August 04, 2020

Wednesday Words

This week in Work Different, we're looking at how challenging it's become to maintain our work friends. If you're missing the workplace Bonnie to your Clyde, we get it. Research has shown that having friends at work boosts fulfillment, productivity, and even company loyalty. With the pandemic sending most office workers to work from home for the foreseeable future, many are feeling isolated and missing their regular office routines. Virtual zoom calls and coffee chats just aren’t the same as office banter, lunch dates, and happy hours. The pandemic is changing the nature of all of our relationships, and our work friendships may not survive. It’s possible that lonely workers will redirect that energy toward family, hobbies, and non-work friends. The rise of remote work may just mean that work friendships no longer play a large presence in our social and professional life—and that they become more like regular, “real,” friendships. The Atlantic.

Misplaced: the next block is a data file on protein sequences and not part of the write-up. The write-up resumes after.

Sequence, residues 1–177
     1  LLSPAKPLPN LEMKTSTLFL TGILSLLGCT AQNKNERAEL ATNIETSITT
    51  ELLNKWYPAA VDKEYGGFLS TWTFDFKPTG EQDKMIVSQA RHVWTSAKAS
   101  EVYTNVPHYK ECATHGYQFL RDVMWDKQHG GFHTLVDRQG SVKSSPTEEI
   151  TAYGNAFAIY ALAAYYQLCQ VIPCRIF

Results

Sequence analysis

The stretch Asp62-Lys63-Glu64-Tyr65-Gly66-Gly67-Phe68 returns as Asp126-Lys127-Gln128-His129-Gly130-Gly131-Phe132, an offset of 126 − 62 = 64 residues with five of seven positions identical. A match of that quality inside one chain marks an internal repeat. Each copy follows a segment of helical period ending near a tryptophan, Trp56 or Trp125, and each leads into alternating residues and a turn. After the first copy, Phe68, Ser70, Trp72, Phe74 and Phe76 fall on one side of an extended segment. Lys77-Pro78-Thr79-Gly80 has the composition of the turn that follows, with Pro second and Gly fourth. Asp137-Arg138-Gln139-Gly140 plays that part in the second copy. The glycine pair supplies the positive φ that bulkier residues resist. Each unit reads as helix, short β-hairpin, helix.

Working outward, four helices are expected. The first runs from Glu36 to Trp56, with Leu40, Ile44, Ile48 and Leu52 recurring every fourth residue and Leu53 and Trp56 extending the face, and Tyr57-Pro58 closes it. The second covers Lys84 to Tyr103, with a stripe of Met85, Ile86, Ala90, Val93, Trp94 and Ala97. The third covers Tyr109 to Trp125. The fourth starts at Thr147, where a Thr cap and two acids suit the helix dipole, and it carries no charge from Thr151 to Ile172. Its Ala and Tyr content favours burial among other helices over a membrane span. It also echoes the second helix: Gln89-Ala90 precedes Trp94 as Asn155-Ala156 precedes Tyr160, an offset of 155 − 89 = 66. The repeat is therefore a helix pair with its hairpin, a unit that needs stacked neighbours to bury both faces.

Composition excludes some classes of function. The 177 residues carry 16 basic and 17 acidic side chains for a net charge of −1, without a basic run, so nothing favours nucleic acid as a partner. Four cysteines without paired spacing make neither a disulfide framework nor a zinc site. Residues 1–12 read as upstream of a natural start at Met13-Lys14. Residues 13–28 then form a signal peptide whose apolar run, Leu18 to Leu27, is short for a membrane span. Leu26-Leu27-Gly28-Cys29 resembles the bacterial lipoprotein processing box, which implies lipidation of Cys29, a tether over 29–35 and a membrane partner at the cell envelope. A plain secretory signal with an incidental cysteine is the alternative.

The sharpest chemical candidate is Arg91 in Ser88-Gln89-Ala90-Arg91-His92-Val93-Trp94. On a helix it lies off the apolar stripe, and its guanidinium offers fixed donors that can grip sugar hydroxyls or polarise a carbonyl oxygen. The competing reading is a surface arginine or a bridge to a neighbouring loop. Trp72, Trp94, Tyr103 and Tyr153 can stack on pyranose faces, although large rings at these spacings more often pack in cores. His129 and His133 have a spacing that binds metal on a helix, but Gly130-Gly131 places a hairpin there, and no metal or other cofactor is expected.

Credit: Daniel Parent

On How to Change Someone's Mind

If you’re a leader, you probably often run into situations where others disagree with your decisions. This piece outlines three specific approaches to having productive conversations: (1) The Cognitive Conversation, (2) The Champion Conversation, and (3) The Credible Colleague Approach. All three are worth a read, and have the shared theme of establishing common ground and staying authentic. But which one do you use or resonate with most? Harvard Business Review.

Credit: Brandon Bell

On Using the Term BIPOC

You have probably seen the acronym BIPOC recently. It stands for Black, Indigenous and people of color. In this piece, Sandra Garcia expresses the problematic nature of the term, as it has caused confusion around if Latinos and Asians are included. She also points out that “trying to fit all people of color and Native Americans in one term can seem tone deaf.” Attempting to represent so many distinct identities in a single term is a challenging task. Give this a read and learn about how this term of racial identity is being perceived. New York Times.

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